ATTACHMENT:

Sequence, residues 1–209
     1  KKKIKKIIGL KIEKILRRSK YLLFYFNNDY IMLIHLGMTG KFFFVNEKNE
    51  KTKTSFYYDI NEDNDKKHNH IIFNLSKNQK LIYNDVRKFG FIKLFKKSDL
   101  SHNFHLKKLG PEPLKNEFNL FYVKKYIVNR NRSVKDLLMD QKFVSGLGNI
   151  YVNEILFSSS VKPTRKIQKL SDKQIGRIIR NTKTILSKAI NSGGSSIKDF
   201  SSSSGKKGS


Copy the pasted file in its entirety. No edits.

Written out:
Sequence, residues 1–209
     1  KKKIKKIIGL KIEKILRRSK YLLFYFNNDY IMLIHLGMTG KFFFVNEKNE
    51  KTKTSFYYDI NEDNDKKHNH IIFNLSKNQK LIYNDVRKFG FIKLFKKSDL
   101  SHNFHLKKLG PEPLKNEFNL FYVKKYIVNR NRSVKDLLMD QKFVSGLGNI
   151  YVNEILFSSS VKPTRKIQKL SDKQIGRIIR NTKTILSKAI NSGGSSIKDF
   201  SSSSGKKGS